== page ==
Who can boil down the speediest eviction scenario in Cincinnati?

15 Replies

Who can boil down the speediest eviction scenario in Cincinnati (Hamilton County, Ohio)?

I am in my 6th month of owning three multi-family properties in Cincinnati (64 units total). Due to distance in the area, 1/3 of the units are with one management company and 2/3 with another. I inherited tenants on three differently worded leases, all a little different based on property and previous owners.

A handful of evictions have been needed on both ends. All of these were handled as per the management company and with their preferred procedure/attorney, etc.

What I am curious about is if someone can boil down the speediest (AKA -- most aggressive) eviction that could be put in place that will fly with the county court and the law. I have a slightly different interpretation from each management company and I've also seen this guide on the county site linked below. I'm not saying that I would always handle it this way, just want to get clear on fastest possible scenario if ever needed.

https://courtclerk.org/self-help-resources/landlor...

Mainly in the "confusion" of the ownership changes, In retrospect the response to non-paying tenants that need to go has been too slow and I want to rectify that in the future, by making sure we are moving as quickly as the law will allow and in the confines of the leases already in place.

Originally posted by @Michael Klinger :

Who can boil down the speediest eviction scenario in Cincinnati (Hamilton County, Ohio)?

I am in my 6th month of owning three multi-family properties in Cincinnati (64 units total). Due to distance in the area, 1/3 of the units are with one management company and 2/3 with another. I inherited tenants on three differently worded leases, all a little different based on property and previous owners.

A handful of evictions have been needed on both ends. All of these were handled as per the management company and with their preferred procedure/attorney, etc.

What I am curious about is if someone can boil down the speediest (AKA -- most aggressive) eviction that could be put in place that will fly with the county court and the law. I have a slightly different interpretation from each management company and I've also seen this guide on the county site linked below. I'm not saying that I would always handle it this way, just want to get clear on fastest possible scenario if ever needed.

https://courtclerk.org/self-help-resources/landlor...

Mainly in the "confusion" of the ownership changes, In retrospect the response to non-paying tenants that need to go has been too slow and I want to rectify that in the future, by making sure we are moving as quickly as the law will allow and in the confines of the leases already in place.

 Main there here is to connect with a real estate attorney that is familiar with cases similar to what you're describing.  PM me as I would be happy to shoot over some referrals.  

Michael,

Typical eviction in Hamilton County is $300-350 and will take around 4 weeks.  What I normally do is cash for keys. When I drop off the 3 day notice to vacate, I include a letter that offers the tenant $200 or so to leave the apartment in the next 3-4 days in lieu of an eviction on their record.  If it's for non payment of rent, the $200 will go a long way for them rather than me giving it to an attorney or Hamilton County Court.   Also, I believe that even by offering the cash, you don't become the bad guy and there is less damage to the apartment; it's just business.  

If they don't accept, here is what you are looking at:

1) 3 day notice to vacate which must be delivered by hand or through the door (not mailed)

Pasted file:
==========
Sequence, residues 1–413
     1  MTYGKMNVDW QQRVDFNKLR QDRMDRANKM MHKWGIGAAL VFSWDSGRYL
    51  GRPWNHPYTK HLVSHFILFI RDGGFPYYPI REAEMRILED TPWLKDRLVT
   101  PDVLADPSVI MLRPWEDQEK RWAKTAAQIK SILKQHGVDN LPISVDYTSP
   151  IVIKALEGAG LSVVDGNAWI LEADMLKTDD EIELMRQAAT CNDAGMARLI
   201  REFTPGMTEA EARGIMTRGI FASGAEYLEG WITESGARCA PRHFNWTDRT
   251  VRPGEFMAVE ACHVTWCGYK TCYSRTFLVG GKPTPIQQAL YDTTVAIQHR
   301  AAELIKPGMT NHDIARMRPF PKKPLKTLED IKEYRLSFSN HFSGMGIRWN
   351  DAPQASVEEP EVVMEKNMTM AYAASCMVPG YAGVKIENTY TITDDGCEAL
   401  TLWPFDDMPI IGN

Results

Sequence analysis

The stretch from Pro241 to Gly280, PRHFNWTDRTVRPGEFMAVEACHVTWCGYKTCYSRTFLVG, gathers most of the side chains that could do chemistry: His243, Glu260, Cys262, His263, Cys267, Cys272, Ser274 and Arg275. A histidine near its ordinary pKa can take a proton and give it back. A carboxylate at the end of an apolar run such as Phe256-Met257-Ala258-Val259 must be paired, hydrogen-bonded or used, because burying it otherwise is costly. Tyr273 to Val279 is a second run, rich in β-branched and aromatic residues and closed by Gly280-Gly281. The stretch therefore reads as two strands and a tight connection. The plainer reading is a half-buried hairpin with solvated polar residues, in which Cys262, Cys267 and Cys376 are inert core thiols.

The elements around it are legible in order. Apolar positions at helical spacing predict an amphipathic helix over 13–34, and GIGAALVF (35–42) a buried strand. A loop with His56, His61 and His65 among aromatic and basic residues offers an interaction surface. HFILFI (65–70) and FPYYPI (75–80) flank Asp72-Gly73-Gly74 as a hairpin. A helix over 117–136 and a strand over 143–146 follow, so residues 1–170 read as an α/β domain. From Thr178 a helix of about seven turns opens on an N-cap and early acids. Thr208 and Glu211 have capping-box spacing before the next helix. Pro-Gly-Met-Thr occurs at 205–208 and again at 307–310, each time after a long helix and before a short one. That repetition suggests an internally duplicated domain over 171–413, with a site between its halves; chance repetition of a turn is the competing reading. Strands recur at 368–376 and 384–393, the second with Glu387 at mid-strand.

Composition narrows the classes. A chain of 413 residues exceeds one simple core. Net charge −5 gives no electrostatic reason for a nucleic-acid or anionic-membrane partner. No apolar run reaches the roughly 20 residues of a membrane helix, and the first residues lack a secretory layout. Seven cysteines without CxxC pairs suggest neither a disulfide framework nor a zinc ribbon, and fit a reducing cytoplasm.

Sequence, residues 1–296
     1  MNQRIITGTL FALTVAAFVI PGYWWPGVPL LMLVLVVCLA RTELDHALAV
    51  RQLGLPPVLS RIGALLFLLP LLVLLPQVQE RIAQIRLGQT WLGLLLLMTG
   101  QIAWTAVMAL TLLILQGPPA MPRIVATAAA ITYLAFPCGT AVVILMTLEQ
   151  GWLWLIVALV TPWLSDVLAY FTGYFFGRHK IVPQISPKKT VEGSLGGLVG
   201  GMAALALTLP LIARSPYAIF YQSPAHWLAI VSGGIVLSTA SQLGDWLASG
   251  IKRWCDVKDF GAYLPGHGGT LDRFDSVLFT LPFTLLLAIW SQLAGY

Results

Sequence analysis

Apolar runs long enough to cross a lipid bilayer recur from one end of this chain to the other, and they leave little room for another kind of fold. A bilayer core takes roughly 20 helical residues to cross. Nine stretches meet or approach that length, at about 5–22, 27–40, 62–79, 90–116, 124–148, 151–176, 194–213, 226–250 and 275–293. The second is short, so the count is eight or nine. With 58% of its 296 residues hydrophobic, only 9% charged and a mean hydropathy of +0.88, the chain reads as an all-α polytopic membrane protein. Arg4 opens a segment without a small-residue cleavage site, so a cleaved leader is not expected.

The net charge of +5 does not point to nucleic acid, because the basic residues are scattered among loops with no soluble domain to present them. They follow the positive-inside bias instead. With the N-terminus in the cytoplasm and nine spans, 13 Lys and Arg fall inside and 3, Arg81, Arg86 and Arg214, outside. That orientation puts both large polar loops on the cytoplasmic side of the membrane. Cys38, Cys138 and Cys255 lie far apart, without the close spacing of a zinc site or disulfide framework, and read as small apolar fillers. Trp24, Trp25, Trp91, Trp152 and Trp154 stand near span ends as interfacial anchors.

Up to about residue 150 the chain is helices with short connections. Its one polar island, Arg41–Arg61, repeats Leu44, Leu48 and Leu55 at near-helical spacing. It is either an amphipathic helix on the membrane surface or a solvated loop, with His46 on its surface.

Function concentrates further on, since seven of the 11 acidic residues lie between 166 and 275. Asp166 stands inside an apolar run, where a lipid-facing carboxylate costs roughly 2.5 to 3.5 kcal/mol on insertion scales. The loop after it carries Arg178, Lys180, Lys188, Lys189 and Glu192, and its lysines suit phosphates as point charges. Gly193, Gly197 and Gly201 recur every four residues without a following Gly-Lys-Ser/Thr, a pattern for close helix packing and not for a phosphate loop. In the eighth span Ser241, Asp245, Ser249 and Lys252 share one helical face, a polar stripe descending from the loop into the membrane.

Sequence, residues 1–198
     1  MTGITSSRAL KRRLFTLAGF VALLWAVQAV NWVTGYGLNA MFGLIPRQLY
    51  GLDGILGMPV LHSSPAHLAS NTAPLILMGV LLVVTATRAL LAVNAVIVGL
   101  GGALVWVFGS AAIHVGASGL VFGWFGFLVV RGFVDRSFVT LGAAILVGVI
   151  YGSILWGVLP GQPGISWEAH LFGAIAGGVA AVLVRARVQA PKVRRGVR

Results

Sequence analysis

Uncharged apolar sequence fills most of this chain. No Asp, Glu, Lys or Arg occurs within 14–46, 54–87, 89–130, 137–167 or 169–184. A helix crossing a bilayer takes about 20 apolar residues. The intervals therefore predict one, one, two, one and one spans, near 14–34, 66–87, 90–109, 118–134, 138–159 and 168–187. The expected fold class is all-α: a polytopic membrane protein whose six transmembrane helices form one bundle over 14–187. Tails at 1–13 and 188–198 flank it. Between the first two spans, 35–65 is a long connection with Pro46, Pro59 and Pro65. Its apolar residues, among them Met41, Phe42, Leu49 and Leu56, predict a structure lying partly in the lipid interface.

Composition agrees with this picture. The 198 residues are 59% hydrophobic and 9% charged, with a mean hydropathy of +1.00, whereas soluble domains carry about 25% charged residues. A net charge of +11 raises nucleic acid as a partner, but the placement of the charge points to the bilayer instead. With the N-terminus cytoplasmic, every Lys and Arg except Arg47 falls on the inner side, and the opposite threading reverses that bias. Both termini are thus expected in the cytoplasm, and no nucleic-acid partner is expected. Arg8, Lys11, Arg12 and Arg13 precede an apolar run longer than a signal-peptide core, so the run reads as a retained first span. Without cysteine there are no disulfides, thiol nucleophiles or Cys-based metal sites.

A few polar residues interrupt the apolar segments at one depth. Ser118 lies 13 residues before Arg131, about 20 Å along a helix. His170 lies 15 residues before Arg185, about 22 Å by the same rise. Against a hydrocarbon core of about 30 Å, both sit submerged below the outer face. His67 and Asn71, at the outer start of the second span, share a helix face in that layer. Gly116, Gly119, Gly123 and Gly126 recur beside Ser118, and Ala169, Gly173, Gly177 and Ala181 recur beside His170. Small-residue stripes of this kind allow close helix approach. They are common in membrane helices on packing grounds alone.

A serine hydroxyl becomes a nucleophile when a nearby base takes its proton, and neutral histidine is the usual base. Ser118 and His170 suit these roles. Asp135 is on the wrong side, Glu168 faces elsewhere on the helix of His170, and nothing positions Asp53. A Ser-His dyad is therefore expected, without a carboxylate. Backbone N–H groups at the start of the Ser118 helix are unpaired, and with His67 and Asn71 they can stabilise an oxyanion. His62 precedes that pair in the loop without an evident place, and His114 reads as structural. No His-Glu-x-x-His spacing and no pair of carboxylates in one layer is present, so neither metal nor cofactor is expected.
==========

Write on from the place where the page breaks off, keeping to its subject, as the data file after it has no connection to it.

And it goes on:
2) On the 4th day if they are still there, my attorney files the eviction at the courthouse (my attorney charges $260 total)

3) Court date is set around 2 weeks out.

4) The person delivering the 3 day notice must show up for court, typically the magistrate rules in your favor and issues a 7 day writ.  The tenant can show up and delay the process a week if they know what they are doing.  

5) If the tenant is still there, on the 8th day (and not before then) you call the Hamilton County Sheriff to schedule a set out which is normally 2-3 days after you call.  They charge $50 for this service

6) At the time of the set out, you need to have the man power and supplies to get everything out of the apartment within 1-2 hours.  

7) The set out items must remain outside 24 hours.  After that time it's up to you to dispose of them, or face receiving a fine from the City or township.  

It's not going to be much quicker than this.  Sometimes the magistrate will order a 3 day writ for extenuating circumstances like damage to the unit, but this is rare.  If the court date is early in the week it's only going to save a day or two because of the weekend.  I have lower end units where I don't even try to go after judgments.   If the tenant can't afford $400-500 a month in rent, it's a waste of my time to try to collect.  I try everything in my power to get the tenant out without going through the court process.  

@Adam Walter thank you so much for that breakdown. I'm facing a similar situation with an inherited tenant. I'm hoping to try the cash for keys scenario first. But could you please recommend your attorney? In this particular situation, the property owner is out of the country until late September; would I be better off hiring an attorney in this instance versus representing myself? 

Thanks Very Much @Adam Walter

Yours is both an excellent reply that at the same time provides an intelligent answer in the same way I would have (If I had the answer), and is a great example of how more replies could be more beneficial here.

It has restored my confidence that there is a point to being on this site. Too often the replies are derivative, or don't indicate that the respondent has actually read the question, or knows the answer or simply regurgitates someone else's reply. "Like so-and-so said" is pretty much useless.

Too often the replies are stinky and rather than being snarky, I hold silent. Now a breath of fresh air. Thanks.

Originally posted by @Amanda Palmer :

@Adam Walter thank you so much for that breakdown. I'm facing a similar situation with an inherited tenant. I'm hoping to try the cash for keys scenario first. But could you please recommend your attorney? In this particular situation, the property owner is out of the country until late September; would I be better off hiring an attorney in this instance versus representing myself?